Monday, December 10, 2007

Reading for Dec 10, 2007

Today's reading from the Rule of St. Benedict

April 10, August 10, December 10
Chapter 57: On the Artisans of the Monastery

If there are artisans in the monastery,
let them practice their crafts with all humility,
provided the Abbot has given permission.
But if any one of them becomes conceited
over his skill in his craft,
because he seems to be conferring a benefit on the monastery,
let him be taken from his craft
and no longer exercise it unless,
after he has humbled himself,
the Abbot again gives him permission.

If any of the work of the craftsmen is to be sold,
those responsible for the sale
must not dare to practice any fraud.
Let them always remember Ananias and Saphira,
who incurred bodily death (Acts 5:1-11),
lest they and all who perpetrate fraud
in monastery affairs
suffer spiritual death.
And in the prices let not the sin of avarice creep in,
but let the goods always be sold a little cheaper
than they can be sold by people in the world,
"that in all things God may be glorified" (1 Peter 4:11).

Some Thoughts:

Please correct me if I am wrong, but it appears to me in this chapter that Benedict stresses both a spiritual and a material poverty.

Spiritual in that an artist's gift is for God and the community and is no more of a contribution than the exercise of any one else's gift. When it comes to the service of the Body of Christ, it is all quite egalitarian: we each give what we have and take only what we need.

Material poverty seems to be the theme of the second stanza, if that's what it's called. Wouldn't I just love to read this out loud in the boardrooms of USA corporations!! "Let the goods always be sold a little cheaper". What a concept!! I had discussions with my team of Christmas Arts people over the pricing of our wares. We had several hand knit hand felted purses that came about because I had been given a huge amount of wool and other feltable yarns and i wanted to empty my home of them. Felting uses a lot of yarn so I felt (ha ha ) that this would be a great way of accomplishing 2 important goals: getting it our of my hiome and serving God. Not necessarily listed in order of priority. When it came to pricing, I wanted to go low. The yarn had been donated and so there was no cost to us except labor and one doesn't recoup that anyway. Next year, I shall quote the RB!!

This also speaks to me about the discussion of those Christmas ads: fraud; deceit, avarice... I could go on...

Insight for the Ages: A Commentary by Sr Joan Chittister

There are three major points made in the chapter on the artists of the monastery: first, that there may be artists in a monastery; second, that they must themselves be humble about it; and third, that an art is not to be practiced for the sake of money. All three points have a great deal to do with the way we look at religious dedication, personal development and contemporary society in the development of spiritual life today.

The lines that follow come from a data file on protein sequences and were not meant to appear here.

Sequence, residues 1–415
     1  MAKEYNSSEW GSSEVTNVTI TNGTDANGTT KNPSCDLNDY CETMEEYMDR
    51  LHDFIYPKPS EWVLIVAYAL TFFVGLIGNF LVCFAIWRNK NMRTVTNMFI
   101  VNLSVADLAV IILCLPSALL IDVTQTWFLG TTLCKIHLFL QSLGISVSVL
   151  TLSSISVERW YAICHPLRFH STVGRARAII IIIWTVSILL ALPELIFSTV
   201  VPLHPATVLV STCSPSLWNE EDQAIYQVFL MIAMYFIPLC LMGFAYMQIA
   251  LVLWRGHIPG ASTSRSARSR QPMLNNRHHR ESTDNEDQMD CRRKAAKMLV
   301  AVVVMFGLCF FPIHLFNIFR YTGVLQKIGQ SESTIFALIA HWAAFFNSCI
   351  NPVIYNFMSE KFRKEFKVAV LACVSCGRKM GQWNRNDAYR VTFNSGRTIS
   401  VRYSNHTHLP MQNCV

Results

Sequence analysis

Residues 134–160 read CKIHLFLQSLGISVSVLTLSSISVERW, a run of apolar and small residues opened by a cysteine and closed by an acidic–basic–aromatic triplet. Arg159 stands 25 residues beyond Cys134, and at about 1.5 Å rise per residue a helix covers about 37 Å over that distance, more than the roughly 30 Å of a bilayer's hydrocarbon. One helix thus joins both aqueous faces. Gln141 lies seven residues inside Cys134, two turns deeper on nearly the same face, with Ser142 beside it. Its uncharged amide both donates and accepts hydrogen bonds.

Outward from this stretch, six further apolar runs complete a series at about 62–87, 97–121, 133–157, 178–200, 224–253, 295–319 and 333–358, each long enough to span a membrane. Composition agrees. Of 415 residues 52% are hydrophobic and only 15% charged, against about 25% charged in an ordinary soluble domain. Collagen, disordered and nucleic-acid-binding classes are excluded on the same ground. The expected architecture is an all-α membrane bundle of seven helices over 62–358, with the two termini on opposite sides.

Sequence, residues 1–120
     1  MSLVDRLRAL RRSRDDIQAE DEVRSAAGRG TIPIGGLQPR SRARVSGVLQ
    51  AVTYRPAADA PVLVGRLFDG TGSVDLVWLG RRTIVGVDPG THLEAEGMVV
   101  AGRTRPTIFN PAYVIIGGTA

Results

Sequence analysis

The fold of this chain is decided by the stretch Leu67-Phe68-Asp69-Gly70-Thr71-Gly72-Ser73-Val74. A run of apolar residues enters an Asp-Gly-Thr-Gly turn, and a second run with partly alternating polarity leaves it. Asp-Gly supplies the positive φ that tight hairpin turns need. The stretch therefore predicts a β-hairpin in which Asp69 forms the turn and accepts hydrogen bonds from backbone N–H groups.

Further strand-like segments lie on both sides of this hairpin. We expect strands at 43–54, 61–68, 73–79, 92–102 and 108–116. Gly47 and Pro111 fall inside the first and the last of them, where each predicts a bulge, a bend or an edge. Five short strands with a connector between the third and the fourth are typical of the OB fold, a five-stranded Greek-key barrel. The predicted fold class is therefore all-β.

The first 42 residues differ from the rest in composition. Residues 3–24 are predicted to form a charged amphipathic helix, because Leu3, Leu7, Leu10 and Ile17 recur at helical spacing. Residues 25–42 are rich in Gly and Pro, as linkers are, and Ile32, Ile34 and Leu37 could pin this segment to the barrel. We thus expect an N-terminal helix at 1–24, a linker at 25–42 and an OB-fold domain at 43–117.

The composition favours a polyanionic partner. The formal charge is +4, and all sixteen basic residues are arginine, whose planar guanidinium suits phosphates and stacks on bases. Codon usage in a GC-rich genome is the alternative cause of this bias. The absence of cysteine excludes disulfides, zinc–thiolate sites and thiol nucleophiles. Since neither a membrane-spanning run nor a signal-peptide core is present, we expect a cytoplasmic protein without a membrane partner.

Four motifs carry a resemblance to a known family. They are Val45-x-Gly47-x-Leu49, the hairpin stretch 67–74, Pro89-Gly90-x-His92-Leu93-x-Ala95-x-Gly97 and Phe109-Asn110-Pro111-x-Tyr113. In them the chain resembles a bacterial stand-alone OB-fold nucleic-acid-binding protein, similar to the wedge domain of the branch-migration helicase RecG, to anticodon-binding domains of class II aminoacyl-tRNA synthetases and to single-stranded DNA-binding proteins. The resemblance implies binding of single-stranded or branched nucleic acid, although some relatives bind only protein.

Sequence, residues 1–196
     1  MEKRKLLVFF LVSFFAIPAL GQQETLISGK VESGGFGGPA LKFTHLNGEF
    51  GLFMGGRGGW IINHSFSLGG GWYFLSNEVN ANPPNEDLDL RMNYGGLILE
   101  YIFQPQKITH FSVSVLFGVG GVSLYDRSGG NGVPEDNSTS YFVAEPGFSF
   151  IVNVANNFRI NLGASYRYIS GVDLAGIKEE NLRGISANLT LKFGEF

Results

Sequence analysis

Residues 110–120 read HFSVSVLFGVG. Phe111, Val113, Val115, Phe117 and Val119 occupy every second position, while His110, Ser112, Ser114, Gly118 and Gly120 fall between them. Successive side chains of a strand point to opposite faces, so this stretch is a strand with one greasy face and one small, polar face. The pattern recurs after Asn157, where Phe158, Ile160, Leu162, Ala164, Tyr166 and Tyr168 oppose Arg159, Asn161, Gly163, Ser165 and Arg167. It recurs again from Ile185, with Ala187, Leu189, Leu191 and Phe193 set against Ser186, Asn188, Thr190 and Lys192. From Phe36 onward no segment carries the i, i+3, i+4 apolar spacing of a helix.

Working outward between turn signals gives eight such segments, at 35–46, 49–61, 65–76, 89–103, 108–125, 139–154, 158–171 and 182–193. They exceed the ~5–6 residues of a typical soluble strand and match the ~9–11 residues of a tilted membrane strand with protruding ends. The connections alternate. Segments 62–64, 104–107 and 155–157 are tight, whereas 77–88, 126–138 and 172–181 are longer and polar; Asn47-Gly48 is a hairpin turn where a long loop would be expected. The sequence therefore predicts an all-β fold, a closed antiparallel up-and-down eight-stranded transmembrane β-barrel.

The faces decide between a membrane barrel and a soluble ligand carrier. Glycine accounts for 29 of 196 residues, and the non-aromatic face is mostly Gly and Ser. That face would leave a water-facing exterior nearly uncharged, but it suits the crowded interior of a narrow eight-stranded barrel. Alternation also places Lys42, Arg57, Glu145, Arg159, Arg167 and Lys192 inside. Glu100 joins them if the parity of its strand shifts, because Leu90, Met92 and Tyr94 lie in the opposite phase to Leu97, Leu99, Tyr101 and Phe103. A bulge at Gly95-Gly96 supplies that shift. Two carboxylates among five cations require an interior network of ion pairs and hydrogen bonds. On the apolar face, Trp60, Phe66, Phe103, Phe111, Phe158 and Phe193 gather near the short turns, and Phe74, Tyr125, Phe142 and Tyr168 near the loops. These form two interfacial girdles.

The points made in the Rule are relatively plain: The development of the spiritual life does not depend on the suppression of beauty or the destruction of the self. The gifts we have been given are for the doing of them, not the denial of them. We do not smother great gifts in the name of great spirituality. The painter, the writer, the musician, the inventor, the scholar, all have to figure out how to put their gifts at the disposal of their spiritual life, not how to build a spiritual life at the expense of the gift.

The unusually gifted person or the person with the unusual gift, however, is also required to see that their giftedness does not get in the way of their striving for sanctity. No gift is given to tyrannize the community. On the contrary, we are expected to learn to take our gifts in stride, to practice them because they deserve to be practiced and because the community can profit from them. Aristotle wrote: "The aim of art is not to represent the outward appearance of things, but their inward significance." Any great gift is a revelation of the more in life, a natural expression of the spiritual, a necessary expression of the sacred. To stamp out the artist in the name of religious rigor is to stamp out the spiritual eye itself and that kind of blindness plunges any group, any family, any person into darkness indeed. Without the artist to show us what we ourselves do not see of the beauty of the world around us, we lose sight of the beauty of God as well. Benedictine spirituality never substitutes conformity in discipline for fullness of expression in life. The function of the artist in the monastery--and in the life of us all--is to make the transcendent visible; to touch the soul in ways that match the soul; to enshrine beauty so that we may learn to see it; and to make where we live places of wonder.

A monastery without an artist could be a poor place spiritually indeed.

Of all the paragraphs in the Rule that are contrary to the cultural climate in which we live, this is one of the clearest. "Money often costs too much," Ralph Waldo Emerson wrote and Benedictine spirituality would surely agree. Not just dishonesty but even the standards of the marketplace are un-Benedictine according to this chapter. Benedictine spirituality develops goods so that people can have them, not in order to make them available only to the highest bidder or to make excessive profits. Money gained in that fashion costs us compassion and community and our role as co-creators of the reign of God. It hollows out our souls and leave us impoverished of character and deprived of the bounty of largesse. It is Benedictine to develop our gifts and distribute their fruits as widely and broadly as possible so that justice, but not profit, is the principle that impels us.

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